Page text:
Fear, an emotion aroused by an unfamiliar, sudden, or threatening situation, and usually accompanied by a desire or attempt to escape the danger or threat. Bodily symptoms of fear include speeded-up heartbeat and breathing rate, increased blood pressure, trembling, dry mouth and throat, and interference with digestive processes.

Fear is closely allied to anger. The sudden blast of an automobile horn behind a pedestrian may cause the person to dash in fear to the nearest curb, an action often followed by an outburst of rage. People motivated by fear may be able to perform feats of which they are ordinarily not capable, such as moving heavy obstacles. On the other hand, some people may be frozen motionless by fear.

Types of fear include panic, anxieties, and phobias.

is a sudden overwhelming fright, often groundless, that causes persons to throw reason to the wind and frantically flee from the peril, real or imaginary. Sudden suspicion of a theater fire, for instance, may cause patrons to stampede, trampling other patrons and blocking all escape.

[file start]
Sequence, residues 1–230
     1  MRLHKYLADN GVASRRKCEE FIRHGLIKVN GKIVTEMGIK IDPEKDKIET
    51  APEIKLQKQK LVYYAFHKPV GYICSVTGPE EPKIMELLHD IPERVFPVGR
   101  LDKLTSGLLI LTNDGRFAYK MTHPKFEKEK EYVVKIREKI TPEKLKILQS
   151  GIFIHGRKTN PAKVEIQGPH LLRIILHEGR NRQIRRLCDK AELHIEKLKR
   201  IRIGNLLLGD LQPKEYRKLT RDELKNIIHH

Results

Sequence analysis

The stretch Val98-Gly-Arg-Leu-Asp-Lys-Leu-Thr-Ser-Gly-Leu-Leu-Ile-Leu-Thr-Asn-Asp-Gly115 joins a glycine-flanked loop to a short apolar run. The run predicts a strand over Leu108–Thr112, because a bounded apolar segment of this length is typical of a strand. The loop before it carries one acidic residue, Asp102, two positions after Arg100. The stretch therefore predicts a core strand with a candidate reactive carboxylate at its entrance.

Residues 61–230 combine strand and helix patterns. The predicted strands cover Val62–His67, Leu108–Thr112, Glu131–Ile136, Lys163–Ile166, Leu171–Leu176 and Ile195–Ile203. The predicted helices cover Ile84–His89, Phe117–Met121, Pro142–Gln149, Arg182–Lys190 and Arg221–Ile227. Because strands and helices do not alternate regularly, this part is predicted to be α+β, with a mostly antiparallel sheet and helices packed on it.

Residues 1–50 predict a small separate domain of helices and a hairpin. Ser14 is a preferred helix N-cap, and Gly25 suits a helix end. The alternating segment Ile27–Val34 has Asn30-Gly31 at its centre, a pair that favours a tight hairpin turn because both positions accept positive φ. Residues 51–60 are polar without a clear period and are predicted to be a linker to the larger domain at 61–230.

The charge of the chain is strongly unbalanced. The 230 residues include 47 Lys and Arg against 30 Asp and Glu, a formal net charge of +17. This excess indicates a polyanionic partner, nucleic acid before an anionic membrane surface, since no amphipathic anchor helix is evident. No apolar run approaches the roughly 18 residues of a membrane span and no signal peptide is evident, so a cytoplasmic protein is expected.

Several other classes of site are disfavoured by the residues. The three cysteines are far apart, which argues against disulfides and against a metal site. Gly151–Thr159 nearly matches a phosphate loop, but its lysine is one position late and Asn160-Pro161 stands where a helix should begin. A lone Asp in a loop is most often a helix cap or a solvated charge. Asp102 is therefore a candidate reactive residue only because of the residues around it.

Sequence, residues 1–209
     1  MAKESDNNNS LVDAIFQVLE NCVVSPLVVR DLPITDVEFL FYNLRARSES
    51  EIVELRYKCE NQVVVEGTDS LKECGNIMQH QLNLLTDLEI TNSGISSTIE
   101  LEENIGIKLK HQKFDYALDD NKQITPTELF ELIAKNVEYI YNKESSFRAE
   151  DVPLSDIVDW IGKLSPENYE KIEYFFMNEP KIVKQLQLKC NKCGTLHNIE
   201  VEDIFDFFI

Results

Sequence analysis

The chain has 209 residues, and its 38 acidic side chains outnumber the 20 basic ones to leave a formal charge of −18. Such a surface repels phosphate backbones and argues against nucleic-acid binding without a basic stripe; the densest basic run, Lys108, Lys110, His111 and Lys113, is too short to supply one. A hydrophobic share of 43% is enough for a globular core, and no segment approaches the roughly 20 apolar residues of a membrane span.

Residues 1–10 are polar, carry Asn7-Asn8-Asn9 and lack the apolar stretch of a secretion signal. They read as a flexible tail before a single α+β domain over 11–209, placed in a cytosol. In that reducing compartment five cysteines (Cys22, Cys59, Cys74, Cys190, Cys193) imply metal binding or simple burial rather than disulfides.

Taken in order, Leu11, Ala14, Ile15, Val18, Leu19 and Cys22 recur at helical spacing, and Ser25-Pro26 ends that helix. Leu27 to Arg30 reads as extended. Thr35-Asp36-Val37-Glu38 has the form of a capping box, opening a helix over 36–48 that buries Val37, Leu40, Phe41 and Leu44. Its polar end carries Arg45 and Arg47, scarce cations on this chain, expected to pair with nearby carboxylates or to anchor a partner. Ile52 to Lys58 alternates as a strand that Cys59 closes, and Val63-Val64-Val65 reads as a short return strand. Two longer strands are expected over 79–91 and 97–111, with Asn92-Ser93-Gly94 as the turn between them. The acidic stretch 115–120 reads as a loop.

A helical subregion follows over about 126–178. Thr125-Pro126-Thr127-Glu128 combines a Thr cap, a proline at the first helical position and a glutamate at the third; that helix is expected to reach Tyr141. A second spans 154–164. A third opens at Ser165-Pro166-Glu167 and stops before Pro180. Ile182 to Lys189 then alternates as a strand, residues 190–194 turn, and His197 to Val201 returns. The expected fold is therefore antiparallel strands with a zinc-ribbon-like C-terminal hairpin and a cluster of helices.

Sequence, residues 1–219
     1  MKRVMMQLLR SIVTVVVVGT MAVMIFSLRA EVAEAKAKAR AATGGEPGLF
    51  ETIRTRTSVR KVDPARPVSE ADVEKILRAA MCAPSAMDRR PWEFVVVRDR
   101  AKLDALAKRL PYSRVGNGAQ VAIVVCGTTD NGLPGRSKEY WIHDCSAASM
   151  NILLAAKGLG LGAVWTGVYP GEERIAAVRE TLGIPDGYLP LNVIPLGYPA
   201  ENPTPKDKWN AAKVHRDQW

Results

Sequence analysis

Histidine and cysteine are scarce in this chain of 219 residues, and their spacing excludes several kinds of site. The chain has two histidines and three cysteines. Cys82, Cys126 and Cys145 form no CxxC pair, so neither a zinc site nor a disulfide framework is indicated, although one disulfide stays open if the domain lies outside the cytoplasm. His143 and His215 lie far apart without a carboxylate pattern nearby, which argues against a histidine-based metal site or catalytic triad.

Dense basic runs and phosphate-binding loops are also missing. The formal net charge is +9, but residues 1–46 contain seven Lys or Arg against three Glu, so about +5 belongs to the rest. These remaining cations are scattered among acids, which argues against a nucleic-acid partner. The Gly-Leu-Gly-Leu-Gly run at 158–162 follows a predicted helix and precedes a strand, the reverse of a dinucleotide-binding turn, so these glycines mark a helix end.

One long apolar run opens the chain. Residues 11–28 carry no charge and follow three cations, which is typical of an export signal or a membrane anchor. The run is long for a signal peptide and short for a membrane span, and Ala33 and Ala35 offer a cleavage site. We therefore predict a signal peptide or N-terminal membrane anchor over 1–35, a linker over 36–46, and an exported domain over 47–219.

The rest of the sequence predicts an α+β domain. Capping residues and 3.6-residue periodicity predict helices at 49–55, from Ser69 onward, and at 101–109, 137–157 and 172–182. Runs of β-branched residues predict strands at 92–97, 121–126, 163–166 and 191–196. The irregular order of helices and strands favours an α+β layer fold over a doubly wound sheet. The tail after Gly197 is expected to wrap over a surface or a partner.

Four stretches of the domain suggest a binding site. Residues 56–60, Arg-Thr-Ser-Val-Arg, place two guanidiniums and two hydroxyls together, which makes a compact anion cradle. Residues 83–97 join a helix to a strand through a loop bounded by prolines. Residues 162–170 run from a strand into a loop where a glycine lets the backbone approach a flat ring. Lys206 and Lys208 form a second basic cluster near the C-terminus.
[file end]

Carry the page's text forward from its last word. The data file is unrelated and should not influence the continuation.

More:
is a feeling of general uneasiness or dread. It is typically a reaction to a real or an imagined threat Severe, chronic anxiety may cause or aggravate physical illness.

is an unreasonable and uncontrollable fear of a particular object or situation. It is considered irrational because the dread is more intense than is justified by the cause. Probably the best-known phobia is claustrophobia, fear of enclosed places.

Most psychologists believe that fear is not an inborn emotion. It develops from situations for which infants are not prepared, such as sudden movements and loud noises. While still very young, they may become afraid of the dark, of being harmed physically, of being left alone, of imaginary creatures. Later they may develop social fears such as that of being ridiculed.

Children learn some fears by seeing others show fear in similar situations. Some fears arise because the child has learned to associate pain or threat of punishment with certain situations.

Various methods are used to eliminate fears in children. These include conditioning; teaching children skills that enable them to meet situations; helping them to understand fear-arousing situations; and giving them opportunites to watch persons who show no fear in similar situations.